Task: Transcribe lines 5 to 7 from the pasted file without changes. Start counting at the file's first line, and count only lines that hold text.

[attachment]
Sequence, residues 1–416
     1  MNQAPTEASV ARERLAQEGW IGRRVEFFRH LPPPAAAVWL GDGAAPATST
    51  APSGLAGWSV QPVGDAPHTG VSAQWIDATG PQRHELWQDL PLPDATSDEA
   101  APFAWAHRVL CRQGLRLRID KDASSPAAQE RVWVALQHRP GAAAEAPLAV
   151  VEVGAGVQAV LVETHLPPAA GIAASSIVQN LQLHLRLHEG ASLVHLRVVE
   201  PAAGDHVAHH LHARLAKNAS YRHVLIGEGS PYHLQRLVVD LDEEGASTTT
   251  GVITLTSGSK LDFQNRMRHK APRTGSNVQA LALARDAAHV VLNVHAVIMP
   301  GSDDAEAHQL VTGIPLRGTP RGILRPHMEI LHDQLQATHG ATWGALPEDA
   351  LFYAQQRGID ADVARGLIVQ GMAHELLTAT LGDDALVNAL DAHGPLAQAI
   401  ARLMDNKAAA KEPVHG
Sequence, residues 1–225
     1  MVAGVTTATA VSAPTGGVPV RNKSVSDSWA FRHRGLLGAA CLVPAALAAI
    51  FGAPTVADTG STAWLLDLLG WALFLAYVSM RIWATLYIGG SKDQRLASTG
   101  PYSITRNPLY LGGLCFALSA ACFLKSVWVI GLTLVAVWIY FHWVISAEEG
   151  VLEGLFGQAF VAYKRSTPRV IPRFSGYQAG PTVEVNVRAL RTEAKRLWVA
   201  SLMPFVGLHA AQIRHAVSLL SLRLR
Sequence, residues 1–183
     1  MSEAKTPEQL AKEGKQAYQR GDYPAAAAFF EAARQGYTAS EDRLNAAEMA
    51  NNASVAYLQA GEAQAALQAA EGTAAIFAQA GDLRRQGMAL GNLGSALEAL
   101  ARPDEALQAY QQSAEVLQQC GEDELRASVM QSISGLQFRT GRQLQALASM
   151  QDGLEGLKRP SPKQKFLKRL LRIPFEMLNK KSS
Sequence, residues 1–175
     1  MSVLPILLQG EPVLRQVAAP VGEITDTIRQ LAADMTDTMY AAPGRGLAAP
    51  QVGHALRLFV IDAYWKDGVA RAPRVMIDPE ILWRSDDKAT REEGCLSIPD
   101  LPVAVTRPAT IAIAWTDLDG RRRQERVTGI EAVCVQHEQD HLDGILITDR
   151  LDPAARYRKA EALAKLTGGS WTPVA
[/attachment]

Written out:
   151  VEVGAGVQAV LVETHLPPAA GIAASSIVQN LQLHLRLHEG ASLVHLRVVE
   201  PAAGDHVAHH LHARLAKNAS YRHVLIGEGS PYHLQRLVVD LDEEGASTTT
   251  GVITLTSGSK LDFQNRMRHK APRTGSNVQA LALARDAAHV VLNVHAVIMP